Baton Rouge, Louisiana
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Saving Louisiana oysters

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BATON ROUGE - The oyster industry is still recovering from the BP oil spill The men and women who work the coast are pushing hard to keep the jewel of Louisiana seafood viable.

Oysters play a pivotal role on the coast.

"For over 150 years, the oystermen have been putting back into that ecology and generating the reef structure," Sal Sunseri from P&J Oyster Company explains. "that...encourages the growth of the nurseries for all other species."

According to Drago's owner Tommy Cvitanovich, the current oysters pulled from Louisiana waters are fantastic.

"Our oysters are as good or better than they've ever been," he boasted. "They're unbelievable."

Cvitanovich has a dedicated crew of suppliers that help him keep up with the demand of the 400 million charbroiled oyesters he sells each year, plus more when you add in raw oysters. Keeping the shuckers hands full has been a challenge since the Deepwater Horizon disaster.

"A lot of oysters were killed, not because of the oil, but because of the fresh water that was released that kept the oil off our coastlines," he told News 2's Rob Kreiger. "All that freshwater...was the kiss of death for oysters."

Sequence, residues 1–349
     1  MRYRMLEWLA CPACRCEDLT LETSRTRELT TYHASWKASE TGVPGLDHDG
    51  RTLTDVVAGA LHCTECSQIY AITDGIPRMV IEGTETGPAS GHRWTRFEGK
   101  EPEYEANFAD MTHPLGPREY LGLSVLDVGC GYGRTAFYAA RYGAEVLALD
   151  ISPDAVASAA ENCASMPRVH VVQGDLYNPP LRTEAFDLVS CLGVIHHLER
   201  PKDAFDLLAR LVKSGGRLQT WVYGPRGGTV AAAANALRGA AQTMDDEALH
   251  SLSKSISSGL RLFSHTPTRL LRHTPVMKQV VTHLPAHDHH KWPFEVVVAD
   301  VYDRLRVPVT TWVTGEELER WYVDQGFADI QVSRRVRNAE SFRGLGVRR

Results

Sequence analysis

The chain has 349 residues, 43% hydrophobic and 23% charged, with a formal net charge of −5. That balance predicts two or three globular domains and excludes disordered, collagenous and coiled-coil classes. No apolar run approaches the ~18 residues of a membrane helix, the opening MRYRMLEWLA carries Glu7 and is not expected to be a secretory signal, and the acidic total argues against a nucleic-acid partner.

Since the spill, millions of sacks of oysters harvested from public waters virtually vanished. A supply that once made up about 40% of hte produce sold at places like P&J now only makes up a fraction of the catch. It's why people who make a living off the coast are recycling shucked shells.

"Nothing will re-grow or regenerate an oyster bed or let an oyster grow faster than actual oyster shells in the water," Cvitanovich says. " So number one, we're rebuilding the coastline, number two we're rebuilding the oyster beds to give us more oysters in the future."

It's just one method that will help the oil industry survive.

"We're hopeful that we'll be able to keep this thing going for another 139 years, nut right now we're going to have to rely on a possible hatchery system, similar to what the east coast and west coast have worked on for decades," Sunseri opines.

Here in the South, the taste of Louisiana waters could keep the pearl of the coast alive for centuries to come.

The price of oysters has risen by as much as 300% for suppliers. Customers likely won't feel that burn. Restaurants are doing what they can to keep prices stable, including selling them at a loss.



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